This week I declutter my background reading
I can get disproportionately excited about new online devices. Like, a while back, I was frothing about Instapaper, a 2.0 equivalent of the Post It note.
It works like this. You’re wasting time online and stumble upon an interesting blog post or New York Times article. You can’t read it now; you’re meant to be finalising a spreadsheet or something. Printing it out is just wrong. After all, you have one of those Please Consider the Environment email signatures. And you offset your Virgin flights. Perhaps you could email it to yourself and flag it. But that seems way too clunky and cluttery.
What to do? Glad you asked. Once you’ve installed Instapaper (three easy online steps, or thereabouts), you simply click a “Read Later” button on your Bookmarks menu and your article is filed in a special folder in cyberspace. For perusal at a more languid juncture.
Is it just the Capricorn in me, or is that really nifty?
Well, I certainly used to think so. But this week I had a look in my special cyber folder and the sheer volume of tagged URLs sent me into a spiraling fug. It resembled the stack of books piled next to my bed that I’ve “been meaning to read”. And the folders of saved emails that-might-come-in-useful-down-the-track. And the basket next to my couch bulging with newspaper clippings and back issues of Vanity Fair with cornered pages, marking Christopher Hitchins essays I might need to refer back to one day.
And it suddenly occurred to me – my entire life is flagged-for-follow-up. I’m one big backlog of informative material waiting to be attended to. If only there were a rainy Sunday long enough to get through it all, I might finally … get on top of myself.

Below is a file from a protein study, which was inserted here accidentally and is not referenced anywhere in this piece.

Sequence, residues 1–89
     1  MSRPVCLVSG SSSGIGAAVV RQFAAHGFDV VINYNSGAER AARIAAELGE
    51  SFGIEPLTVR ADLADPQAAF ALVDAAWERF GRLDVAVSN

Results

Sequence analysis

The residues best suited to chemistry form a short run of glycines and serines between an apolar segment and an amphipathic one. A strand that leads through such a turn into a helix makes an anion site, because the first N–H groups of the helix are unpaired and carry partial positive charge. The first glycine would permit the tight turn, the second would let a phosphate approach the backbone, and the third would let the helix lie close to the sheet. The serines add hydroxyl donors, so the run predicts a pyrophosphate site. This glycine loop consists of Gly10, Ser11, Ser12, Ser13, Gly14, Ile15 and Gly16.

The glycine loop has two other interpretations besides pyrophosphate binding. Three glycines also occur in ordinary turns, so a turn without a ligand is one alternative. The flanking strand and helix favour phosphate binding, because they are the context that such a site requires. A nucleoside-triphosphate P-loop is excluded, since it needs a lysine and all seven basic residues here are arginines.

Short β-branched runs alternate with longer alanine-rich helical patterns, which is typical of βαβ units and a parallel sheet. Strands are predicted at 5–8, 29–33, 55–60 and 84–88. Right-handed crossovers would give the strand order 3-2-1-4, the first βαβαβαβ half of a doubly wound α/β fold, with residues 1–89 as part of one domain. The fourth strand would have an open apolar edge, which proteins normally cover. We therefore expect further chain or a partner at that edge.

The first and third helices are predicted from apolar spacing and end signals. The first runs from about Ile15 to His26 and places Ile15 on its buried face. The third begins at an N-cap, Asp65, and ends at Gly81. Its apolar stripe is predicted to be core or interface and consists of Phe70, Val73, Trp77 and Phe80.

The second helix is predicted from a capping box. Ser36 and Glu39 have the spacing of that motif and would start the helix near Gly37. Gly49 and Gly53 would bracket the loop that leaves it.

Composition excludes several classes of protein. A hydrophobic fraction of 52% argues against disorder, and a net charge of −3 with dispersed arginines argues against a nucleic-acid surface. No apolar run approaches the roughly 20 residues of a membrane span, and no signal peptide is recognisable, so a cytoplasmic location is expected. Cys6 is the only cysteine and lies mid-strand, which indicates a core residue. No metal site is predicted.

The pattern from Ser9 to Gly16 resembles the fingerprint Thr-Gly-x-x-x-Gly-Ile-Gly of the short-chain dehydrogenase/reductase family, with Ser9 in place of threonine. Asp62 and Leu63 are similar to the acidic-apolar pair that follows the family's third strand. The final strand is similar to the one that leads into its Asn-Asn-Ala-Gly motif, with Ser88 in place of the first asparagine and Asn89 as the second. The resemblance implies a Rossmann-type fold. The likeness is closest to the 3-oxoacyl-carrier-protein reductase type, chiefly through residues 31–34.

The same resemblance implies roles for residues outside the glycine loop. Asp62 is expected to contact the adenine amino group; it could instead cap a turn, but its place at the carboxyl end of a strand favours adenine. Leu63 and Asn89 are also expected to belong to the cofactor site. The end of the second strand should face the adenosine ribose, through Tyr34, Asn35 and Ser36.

Regular readers of this column might be able to guess what comes next. Yes, a good, hard look at myself and my unhelpful habits. Followed by a burst of decluttering of things that no longer serve me.
I hang onto articles because I’m scared of what will happen if I need them one day, and they’re not there. This fear binds me to my stuff. Like many people, I buffer myself with my just-in-cases, instead of flying naked, instead of seeing what will happen if I head out into the clamber armed with just my inner-resourcefulness.
I’ve flown naked before. I hitchhiked through Greece when I was 18 with just the clothes on my back (so, not literally naked); I lived in Paris for a fortnight with no money, no passport, not a single possession to my name (I’d been robbed). Lately, I’ve been thinking I’d like to fly naked again.
I hate making sweeping generational generalizations, but it must be said that those Y kids can teach the rest of us a bit about flying naked. They don’t get excited about Instapaper. This is because they don’t hang onto things. They skim read at the time of receipt, delete and move on.
The under-30 crew were schooled during a time when you could look up references online in 2 seconds, instead of via the Duwey system when the librarian got back from lunch. They’re au fait with flying naked. Back when I was studying law, some time after the last ice age, if you lost a case note, you were stuffed. Little wonder we hang onto every scribble.
But, let me be the one to break it: times have changed. Information can be Googled or Binged (or is it Bunged?) instantly, emails retrieved from servers. Further, ideas move around so fast. There’s no point hanging onto today’s idea because it’s bound to be RT’d or Digg’d (or is it Dugg’d) to death by tomorrow anyway.
My 20-something brother doesn’t save anything. Why would you, he says. That’s just looking backwards. Where’s the flow of information? Roll forward and gather no moss, is his adage.
I still love my Instapaper discovery. But what I loved more this week was going in to my special folder, selecting all and hitting delete. Then hauling my Vanity Fairs and New Yorkers into the communal foyer of my apartment for the neighbours to take. Information shouldn’t be held on to; it should be passed on, like a hot potato. Information in, information out. Sweetly, it’s left more room in my life and my special folder for fresh ideas.